Fido loves to watch Budgie all day long, but sometimes longing glances turn into unsafe encounters. Birds carry several diseases that can harm canines. Most parasites like roundworms and tapeworms are species-specific, however, bacterial and fungal diseases can be a real concern when birds and dogs get too close.
The parasite Chlamydia psittaci causes the bacterial disease Chlamydiosis. City pigeons are the most common carriers in the United States but a majority of cases are contracted from pet birds. Dogs become infected when they inhale bacteria laden dust from bird droppings. The good news is this infection is rare in canines. If caught, it produces vomiting, diarrhea, dry cough, fever and can lead to severe pneumonia. A round, about five to seven days, of antimicrobial medication should get rid of the infection. However, if your buddy develops a deep case of pneumonia, he may need oxygen or fluid therapy and a longer course, up to six weeks, of antimicrobial medication.
When your buddy gets too close to bird droppings containing the fungus cryptococcus neoformans, he runs the risk of inhaling the fungal spores that cause cryptococcosis. Yeast is the fungal culprit and it loves to grow in damp, warm, decaying feces. Frequently cleaning your bird's cage can prevent cryptococcosis from ever rising. If it does, this fungal infection attacks his respiratory tract, central nervous system, eyes and skin. Nasal lesions are one of the telltale signs of cryptococcosis but other symptoms include weight loss, lethargy, inability to blink, poor coordination, seizures and eye inflammation. A number of dogs with this infection develop lesions in their respiratory tract, usually the lungs, and have a difficult time recovering. Antifungal drug treatment and blood work to monitor liver function can last anywhere from three months to a year, though dogs with central nervous system damage will require oxygen and fluid therapy as well as lifelong management depending on the severity of nervous system damage.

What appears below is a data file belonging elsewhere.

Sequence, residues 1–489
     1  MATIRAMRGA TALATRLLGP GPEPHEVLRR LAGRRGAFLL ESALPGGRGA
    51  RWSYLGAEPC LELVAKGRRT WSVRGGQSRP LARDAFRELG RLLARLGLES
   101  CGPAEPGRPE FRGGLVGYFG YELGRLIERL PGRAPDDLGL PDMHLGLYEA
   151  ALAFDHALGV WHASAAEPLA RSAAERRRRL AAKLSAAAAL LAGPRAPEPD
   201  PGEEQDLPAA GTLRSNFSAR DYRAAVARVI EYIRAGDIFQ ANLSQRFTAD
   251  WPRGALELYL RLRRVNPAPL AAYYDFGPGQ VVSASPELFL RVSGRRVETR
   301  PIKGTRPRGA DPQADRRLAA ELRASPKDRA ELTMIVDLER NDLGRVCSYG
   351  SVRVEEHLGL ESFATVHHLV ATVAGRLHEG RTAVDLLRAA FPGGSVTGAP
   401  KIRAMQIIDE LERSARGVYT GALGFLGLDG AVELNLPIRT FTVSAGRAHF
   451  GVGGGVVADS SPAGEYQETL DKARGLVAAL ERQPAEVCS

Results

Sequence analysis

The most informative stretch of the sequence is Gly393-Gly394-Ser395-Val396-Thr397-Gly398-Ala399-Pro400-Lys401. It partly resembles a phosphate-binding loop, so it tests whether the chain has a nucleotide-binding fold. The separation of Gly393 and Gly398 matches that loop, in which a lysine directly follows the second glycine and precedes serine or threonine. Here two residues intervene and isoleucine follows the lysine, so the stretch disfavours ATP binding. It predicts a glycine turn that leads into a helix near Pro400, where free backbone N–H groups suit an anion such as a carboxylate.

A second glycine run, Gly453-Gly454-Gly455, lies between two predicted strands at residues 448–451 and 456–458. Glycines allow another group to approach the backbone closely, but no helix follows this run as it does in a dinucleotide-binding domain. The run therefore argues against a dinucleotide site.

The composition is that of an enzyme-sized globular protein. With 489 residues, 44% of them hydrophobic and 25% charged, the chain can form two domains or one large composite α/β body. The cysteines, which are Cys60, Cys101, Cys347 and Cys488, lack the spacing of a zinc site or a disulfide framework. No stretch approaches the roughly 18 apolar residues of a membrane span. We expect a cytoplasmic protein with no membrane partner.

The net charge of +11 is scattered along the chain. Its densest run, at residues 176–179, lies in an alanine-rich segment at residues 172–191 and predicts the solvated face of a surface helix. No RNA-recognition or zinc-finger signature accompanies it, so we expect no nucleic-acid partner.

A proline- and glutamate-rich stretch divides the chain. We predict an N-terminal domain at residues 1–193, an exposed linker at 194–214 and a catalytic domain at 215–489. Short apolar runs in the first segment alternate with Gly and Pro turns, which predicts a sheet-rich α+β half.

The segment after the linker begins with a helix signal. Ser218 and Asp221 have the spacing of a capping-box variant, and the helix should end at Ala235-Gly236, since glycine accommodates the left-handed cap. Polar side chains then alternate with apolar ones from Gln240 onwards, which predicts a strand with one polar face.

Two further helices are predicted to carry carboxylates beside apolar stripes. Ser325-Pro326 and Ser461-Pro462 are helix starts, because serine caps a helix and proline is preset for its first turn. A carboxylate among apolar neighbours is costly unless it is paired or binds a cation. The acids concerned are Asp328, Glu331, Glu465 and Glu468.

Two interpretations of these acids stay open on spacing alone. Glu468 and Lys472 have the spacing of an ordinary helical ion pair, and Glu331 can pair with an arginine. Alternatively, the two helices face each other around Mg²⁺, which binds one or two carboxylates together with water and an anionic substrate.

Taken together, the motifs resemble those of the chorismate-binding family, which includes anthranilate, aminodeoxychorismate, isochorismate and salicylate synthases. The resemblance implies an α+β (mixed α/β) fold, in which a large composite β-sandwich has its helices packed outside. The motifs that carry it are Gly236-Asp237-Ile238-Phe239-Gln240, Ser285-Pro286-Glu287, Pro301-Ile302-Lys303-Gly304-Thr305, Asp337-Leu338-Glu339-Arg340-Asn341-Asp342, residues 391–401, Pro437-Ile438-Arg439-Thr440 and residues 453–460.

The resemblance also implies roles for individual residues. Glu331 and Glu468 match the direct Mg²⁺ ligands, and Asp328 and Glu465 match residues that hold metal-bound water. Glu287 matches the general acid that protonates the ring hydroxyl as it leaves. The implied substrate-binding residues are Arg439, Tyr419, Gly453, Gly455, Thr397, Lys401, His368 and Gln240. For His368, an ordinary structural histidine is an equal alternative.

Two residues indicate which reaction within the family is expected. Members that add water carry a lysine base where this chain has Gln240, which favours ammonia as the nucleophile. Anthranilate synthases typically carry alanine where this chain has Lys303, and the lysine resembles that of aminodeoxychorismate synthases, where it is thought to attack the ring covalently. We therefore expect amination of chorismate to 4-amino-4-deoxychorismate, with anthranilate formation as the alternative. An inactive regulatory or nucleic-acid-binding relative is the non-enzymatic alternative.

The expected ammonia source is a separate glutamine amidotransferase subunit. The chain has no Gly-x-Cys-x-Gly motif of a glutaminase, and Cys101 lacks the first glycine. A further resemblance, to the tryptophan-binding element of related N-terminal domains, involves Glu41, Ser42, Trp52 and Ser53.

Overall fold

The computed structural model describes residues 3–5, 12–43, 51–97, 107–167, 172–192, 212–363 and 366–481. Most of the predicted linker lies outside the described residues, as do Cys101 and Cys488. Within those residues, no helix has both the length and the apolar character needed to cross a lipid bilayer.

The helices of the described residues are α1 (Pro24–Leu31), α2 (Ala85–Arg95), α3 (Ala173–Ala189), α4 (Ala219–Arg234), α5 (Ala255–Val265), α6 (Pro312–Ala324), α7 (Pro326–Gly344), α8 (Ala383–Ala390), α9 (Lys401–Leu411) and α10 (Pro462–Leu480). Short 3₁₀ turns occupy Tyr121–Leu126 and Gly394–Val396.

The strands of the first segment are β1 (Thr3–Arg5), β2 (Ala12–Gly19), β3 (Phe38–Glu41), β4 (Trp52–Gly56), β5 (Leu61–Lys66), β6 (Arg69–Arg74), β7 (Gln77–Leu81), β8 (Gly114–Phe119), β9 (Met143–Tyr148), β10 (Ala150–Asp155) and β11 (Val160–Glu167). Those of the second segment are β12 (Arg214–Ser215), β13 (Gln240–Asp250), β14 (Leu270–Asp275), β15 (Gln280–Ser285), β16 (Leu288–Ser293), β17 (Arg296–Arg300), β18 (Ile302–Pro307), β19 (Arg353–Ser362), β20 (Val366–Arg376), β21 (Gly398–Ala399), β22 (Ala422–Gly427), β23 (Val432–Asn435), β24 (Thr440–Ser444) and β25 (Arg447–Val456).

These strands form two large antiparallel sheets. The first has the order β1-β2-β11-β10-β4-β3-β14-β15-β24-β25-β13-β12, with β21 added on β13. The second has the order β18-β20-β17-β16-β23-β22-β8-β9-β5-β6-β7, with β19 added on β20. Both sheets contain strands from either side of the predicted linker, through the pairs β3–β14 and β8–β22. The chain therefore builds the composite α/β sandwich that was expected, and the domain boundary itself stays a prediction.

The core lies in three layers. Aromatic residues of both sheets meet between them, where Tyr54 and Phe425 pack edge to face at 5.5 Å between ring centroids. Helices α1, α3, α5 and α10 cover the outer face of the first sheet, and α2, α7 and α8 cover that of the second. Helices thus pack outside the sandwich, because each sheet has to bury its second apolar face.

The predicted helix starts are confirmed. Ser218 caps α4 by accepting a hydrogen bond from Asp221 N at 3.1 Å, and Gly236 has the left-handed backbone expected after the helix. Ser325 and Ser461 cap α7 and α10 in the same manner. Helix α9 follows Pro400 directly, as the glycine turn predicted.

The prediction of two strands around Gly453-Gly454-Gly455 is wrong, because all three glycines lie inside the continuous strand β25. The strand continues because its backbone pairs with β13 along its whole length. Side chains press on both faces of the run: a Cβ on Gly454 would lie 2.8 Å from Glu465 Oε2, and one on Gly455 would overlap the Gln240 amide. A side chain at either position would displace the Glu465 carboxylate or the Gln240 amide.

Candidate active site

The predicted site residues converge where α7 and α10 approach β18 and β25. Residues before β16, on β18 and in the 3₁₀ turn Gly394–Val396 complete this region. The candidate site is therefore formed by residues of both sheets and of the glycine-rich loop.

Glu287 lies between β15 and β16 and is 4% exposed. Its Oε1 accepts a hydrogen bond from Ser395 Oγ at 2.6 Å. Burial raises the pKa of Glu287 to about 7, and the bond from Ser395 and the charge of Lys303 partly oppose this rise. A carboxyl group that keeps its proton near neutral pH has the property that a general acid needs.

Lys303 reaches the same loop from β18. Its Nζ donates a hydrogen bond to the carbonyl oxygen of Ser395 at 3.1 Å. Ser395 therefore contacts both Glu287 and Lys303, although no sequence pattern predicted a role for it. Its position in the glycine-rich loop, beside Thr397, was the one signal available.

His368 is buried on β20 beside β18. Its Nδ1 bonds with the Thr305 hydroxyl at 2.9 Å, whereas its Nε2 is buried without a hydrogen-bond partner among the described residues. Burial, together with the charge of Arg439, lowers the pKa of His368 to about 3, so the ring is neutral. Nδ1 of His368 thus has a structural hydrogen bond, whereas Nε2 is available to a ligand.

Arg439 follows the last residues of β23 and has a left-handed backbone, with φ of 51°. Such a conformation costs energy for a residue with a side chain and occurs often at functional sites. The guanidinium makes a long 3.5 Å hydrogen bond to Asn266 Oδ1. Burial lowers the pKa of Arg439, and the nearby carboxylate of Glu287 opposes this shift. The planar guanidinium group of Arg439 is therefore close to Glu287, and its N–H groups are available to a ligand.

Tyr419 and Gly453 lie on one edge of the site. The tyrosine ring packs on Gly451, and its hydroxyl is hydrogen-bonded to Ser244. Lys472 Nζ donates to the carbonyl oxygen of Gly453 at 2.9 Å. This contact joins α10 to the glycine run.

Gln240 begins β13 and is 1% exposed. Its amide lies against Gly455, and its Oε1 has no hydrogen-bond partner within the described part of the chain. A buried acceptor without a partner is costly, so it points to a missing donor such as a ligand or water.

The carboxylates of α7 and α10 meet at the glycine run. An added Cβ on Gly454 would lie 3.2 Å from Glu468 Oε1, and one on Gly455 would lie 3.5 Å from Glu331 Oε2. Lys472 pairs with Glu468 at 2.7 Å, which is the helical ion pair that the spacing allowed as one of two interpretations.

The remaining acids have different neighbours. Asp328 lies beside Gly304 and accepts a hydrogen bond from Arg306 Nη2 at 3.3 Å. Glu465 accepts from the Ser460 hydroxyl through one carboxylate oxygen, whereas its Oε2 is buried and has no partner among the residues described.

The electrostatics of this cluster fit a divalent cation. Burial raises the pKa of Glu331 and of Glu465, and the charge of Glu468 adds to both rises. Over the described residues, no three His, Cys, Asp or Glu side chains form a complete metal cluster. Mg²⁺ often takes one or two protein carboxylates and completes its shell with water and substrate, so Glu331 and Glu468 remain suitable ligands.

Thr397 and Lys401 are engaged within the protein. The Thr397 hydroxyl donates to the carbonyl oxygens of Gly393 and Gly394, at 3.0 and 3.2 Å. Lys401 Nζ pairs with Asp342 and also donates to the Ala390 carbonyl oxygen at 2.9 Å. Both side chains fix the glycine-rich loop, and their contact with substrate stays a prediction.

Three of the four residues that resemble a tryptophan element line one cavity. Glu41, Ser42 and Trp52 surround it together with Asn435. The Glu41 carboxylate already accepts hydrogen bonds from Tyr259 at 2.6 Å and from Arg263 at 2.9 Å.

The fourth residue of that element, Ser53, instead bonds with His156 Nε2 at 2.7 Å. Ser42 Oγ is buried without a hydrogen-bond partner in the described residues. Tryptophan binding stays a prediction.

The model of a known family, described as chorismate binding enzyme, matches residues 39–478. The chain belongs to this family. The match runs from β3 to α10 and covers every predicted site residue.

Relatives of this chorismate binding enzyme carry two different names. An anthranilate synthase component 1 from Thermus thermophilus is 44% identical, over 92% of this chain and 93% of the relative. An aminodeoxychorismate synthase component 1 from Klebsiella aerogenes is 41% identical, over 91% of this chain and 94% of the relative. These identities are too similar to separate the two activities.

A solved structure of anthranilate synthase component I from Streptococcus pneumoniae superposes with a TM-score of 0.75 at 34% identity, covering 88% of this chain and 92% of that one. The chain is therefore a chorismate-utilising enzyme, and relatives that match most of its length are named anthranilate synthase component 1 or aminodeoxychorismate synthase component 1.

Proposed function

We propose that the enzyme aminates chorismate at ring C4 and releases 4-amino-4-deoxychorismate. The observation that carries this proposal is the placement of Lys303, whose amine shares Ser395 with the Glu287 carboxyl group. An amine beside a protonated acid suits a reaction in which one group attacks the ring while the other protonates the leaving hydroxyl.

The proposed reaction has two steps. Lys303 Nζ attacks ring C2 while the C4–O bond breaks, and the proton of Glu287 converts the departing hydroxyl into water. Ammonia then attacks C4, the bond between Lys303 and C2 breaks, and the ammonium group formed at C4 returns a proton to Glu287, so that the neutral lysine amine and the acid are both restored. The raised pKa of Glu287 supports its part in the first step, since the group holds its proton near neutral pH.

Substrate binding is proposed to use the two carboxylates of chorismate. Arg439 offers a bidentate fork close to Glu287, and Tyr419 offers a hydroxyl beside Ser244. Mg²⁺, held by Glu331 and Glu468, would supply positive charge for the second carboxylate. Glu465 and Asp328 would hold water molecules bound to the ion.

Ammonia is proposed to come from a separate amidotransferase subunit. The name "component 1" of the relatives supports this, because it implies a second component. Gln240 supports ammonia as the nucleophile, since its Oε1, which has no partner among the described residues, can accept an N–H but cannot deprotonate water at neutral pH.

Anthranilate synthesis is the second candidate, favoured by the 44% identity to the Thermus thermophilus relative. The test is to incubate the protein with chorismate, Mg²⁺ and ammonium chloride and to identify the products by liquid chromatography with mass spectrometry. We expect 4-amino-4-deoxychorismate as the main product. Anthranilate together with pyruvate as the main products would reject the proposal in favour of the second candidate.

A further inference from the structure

The fungus, Aspergillus, is commonly found in wet and dirty bird cages. If your buddy stirs up the decaying droppings in the bottom of the cage, he can inhale the fungal spores and develop the respiratory fungal infection. Use cage liners for quick, easy cleanup to prevent the fungus from growing. The aspergillus infection targets a dog's nasal passages and can result in bloody nasal discharge, nasal pain, sneezing, sores around the nostrils and nosebleeds. It can further disseminate throughout a dog's tissues, bones and organs creating severe systemic infection. Prognosis for disseminated aspergillus is poor but acute respiratory infection is treated with oral or nasal antifungal medications with good results.
Histoplasmosis occurs when a dog inhales the fungus shed in bird droppings. This fungus is most common in decaying soil and the bird droppings of wild birds in the midwest and southern United States; bird owners need not panic over this one. It primarily affects the lungs and chest and can lead to respiratory infection and even pneumonia. Fever, labored breathing and coughing are the most common symptoms of histoplasmosis. The immediate lung infection usually clears on its own, however, if the infection spreads to other tissues and organs, it can take months of antifungal medication and supportive therapy to resolve.
Birds infected with salmonella bacteria can consequently transmit the infection to dogs when your buddy decides to snack on some bird droppings. Salmonella targets a canine’s gastrointestinal system causing diarrhea, vomiting, fever, lethargy, loss of appetite, dehydration, loose stools, swollen lymph nodes and even miscarriage in pregnant females. Some cases resolve on their own while others require a round of antimicrobial medication. Puppies or older dogs may need fluid therapy to rehydrate their bodies.
All of these bird-born diseases are associated with the inhalation or ingestion of bird droppings. If Fido and your budgie share a home, try using a cage skirt or mess catcher to prevent any canine grazing and keep the cage far out of your dog's reach. A leash and a watchful eye should prevent your buddy from scoping out any wild bird droppings.
Always check with your veterinarian before changing your pet’s diet, medication, or physical activity routines. This information is not a substitute for a vet’s opinion.
Christina Stephens is a writer from Portland, Ore. whose main areas of focus are pets and animals, travel and literature. A veterinary assistant, she taught English in South Korea and holds a BA in English with cum laude honors from Portland State University.